The Stress-Free Guide to Transitioning From Baby Food to Table Food
Words Lauren Manaker
Getting your little ones to move from pureed baby food to self-feeding solid table food doesn’t have to be a stressful process. All you need are a few simple tips to help your little one make the transition safely when the time is right.
Navigating a baby’s feeding stages can be exciting and nerve-wracking at the same time. It’s a joy watching your little one’s eyes light up with delight when she tastes apple sauce for the first time, but transitioning from baby food to table food can also feel terrifying in the beginning. When you introduce a new food, you want to feel sure she is really ready to handle that choice.
Knowing the signs that indicate your baby’s readiness to transition from breastmilk or formula to baby purees, then to finger food, and eventually to table food, can help guide you as your little one explores a thrilling new world of tastes and textures.
Starting Solids With Purees
Around four to six months of age, your baby—who has had breastmilk or formula as his only source of nutrition so far—will typically be ready to start adding pureed food to his diet. The right time to start introducing solid foods is based on your baby’s developmental milestones, like sitting upright without support, showing interest in food when a caregiver is eating, and growing out of the tongue-thrust reflex (which pushes unfamiliar foods out of the mouth to protect from choking). Babies usually enjoy pureed baby food or very soft foods like yogurt as their first solid mouthfuls.
To feed your baby, sit him upright, move a spoonful of puree to his lips, and make sure your camera is ready to capture the adorably Instagrammable moment.
Transitioning From Baby Food to Finger Food
As your baby becomes more independent, she will want to have more control over her feeding. While it may be frustrating to have little hands grabbing at the spoon while you’re trying to feed, this is a sign that your baby is growing up and is ready to start playing a more active role at mealtime. Once your baby starts using her pincer grasp–the ability to grab objects using the pad of her thumb and index finger—she should be ready to self-feed with foods like beans, puffs and certain cereals. Generally speaking, a good time to start introducing table food is around eight months of age.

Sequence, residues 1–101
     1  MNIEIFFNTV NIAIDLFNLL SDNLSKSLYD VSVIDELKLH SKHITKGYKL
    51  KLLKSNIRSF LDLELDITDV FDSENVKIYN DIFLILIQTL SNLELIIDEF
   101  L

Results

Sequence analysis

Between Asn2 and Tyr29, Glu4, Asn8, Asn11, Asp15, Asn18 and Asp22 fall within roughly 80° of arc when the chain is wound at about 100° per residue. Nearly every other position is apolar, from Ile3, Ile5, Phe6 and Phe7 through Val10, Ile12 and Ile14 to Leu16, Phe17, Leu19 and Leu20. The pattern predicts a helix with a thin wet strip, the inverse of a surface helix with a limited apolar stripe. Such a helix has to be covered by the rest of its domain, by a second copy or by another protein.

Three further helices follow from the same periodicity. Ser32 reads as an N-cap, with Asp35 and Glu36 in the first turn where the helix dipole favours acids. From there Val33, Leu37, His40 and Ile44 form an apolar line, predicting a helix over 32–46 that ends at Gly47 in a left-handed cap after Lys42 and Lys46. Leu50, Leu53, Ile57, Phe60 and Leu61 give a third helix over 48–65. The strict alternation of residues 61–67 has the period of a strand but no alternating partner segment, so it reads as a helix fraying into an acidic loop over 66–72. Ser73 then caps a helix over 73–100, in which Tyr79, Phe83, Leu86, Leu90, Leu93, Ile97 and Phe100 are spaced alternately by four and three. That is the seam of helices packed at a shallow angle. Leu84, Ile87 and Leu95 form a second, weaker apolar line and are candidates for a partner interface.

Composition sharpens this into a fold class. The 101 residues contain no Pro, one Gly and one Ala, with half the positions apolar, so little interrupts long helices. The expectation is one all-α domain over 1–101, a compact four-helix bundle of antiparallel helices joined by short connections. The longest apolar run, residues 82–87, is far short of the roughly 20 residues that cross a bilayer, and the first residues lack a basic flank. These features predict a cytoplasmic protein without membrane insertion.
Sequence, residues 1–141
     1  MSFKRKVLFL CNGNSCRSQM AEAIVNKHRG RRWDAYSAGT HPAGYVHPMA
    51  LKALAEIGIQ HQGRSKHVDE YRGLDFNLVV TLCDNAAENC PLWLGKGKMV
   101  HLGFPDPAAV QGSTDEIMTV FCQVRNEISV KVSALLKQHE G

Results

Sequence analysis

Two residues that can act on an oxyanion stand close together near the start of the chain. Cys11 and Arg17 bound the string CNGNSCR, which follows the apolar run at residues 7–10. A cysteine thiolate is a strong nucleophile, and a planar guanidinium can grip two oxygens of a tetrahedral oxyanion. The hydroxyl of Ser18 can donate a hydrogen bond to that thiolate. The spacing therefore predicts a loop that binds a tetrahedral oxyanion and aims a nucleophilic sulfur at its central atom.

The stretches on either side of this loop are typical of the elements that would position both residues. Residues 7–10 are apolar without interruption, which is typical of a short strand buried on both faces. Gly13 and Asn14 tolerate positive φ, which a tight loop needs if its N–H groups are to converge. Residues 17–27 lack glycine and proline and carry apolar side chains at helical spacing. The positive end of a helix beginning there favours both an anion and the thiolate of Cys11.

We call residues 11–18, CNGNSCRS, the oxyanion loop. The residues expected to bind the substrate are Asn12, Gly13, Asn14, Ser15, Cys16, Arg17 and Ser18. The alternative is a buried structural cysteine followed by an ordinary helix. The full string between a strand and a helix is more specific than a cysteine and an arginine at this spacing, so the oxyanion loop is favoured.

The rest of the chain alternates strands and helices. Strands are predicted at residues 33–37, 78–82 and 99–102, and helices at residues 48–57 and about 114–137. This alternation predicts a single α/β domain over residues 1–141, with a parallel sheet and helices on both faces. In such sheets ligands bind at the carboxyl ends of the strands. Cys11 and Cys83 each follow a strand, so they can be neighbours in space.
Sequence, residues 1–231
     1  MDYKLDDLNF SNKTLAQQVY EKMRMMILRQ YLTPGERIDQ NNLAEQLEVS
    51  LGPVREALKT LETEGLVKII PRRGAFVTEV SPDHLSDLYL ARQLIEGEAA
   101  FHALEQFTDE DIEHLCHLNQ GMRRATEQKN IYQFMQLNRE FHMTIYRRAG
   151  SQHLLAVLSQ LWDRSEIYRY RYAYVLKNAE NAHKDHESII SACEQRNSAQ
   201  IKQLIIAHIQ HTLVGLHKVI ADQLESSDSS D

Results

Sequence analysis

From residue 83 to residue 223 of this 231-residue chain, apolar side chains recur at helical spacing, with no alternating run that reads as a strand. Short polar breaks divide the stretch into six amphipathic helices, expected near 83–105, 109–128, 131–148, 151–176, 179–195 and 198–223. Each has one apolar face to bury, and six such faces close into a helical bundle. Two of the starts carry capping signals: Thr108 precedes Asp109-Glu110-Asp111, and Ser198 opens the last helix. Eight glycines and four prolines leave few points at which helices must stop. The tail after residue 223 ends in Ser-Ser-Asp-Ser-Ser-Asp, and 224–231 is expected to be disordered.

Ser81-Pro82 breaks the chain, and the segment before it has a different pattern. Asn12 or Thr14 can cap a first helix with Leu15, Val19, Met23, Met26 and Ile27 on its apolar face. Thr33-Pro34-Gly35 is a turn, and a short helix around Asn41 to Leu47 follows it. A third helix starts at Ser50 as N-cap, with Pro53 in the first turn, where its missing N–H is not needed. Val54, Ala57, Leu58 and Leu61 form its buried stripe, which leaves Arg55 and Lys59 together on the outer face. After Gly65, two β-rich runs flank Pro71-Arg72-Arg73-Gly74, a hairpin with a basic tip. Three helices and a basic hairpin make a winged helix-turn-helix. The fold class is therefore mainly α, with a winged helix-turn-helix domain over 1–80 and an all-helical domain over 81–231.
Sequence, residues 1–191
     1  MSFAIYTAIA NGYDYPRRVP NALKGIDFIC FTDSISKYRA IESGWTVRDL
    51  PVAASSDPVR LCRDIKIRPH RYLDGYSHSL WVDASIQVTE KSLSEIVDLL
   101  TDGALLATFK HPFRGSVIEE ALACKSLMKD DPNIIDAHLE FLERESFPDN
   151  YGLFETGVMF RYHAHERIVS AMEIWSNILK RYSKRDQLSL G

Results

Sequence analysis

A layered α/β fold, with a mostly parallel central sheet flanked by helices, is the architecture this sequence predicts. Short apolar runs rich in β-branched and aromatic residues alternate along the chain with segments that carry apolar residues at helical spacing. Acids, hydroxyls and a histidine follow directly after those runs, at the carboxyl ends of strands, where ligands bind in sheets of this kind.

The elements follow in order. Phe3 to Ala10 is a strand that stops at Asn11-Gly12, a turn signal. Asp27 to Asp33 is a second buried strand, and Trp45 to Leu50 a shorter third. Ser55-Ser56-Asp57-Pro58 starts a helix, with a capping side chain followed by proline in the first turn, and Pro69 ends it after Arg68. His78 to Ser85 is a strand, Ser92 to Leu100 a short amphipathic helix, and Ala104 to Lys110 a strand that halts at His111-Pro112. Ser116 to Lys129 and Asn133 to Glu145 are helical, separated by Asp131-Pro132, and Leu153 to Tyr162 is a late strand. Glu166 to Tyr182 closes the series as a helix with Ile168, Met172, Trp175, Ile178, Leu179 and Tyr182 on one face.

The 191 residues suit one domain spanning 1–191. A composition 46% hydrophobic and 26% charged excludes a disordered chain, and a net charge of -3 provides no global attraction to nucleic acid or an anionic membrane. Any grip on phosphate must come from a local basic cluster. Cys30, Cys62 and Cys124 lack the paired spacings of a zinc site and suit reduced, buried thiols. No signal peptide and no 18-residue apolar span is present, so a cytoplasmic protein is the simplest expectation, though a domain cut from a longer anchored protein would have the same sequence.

To help with the transition from eating only baby food to self-feeding with finger food, your little one can start off with a silicone self-feeder, which makes it easy to practice eating foods like orange slices and frozen berries. If offering an array of items, present them on a suction plate. This will keep your baby from accidentally turning the plate upside down–and ending up with the food all over his lap instead of in his belly. Caregivers can coat slippery foods like avocado and banana with crushed graham crackers to offer more traction for the baby’s grasp.
Introducing Table Food and Self-Feeding Utensils
Once your toddler has mastered self-feeding finger food, she may be ready to use utensils. The start of this transition begins with many feeding attempts that won’t quite make it to the baby’s mouth, but those tries are an important step to conquering the spoon and fork. Most babies don’t have the fine motor skills to feed themselves effectively using utensils until they’re around 15 to 18 months old.
To start transitioning your baby to table food and utensils, begin by modeling the action of scooping food onto a spoon and then bringing it to your mouth. Choose food options that will stay on the spoon if the baby turns it upside down–think mashed potatoes and oatmeal.
Then, show your baby how to do the same movement herself. Help your baby hold a silicone spoon, then guide her hand as she scoops up the food, and help her move it to her mouth. Finally, let your baby try the maneuver on her own over and over (and over and over) again.
As your baby is learning how to use utensils, know that the process can get messy. Dishes of food can land on the floor when your baby accidentally spills everything or throws a tantrum. Instead of using a standard plate, serving your baby her meal in a silicone bowl or on a plate with a weighted base and contoured walls can help keep the food where it’s meant to be—and ensure that those delicious bites end up in your baby’s mouth.
Looking for more ways to make mealtime less messy with a toddler? Check out these tips so you can avoid scrubbing your dining room down after every meal.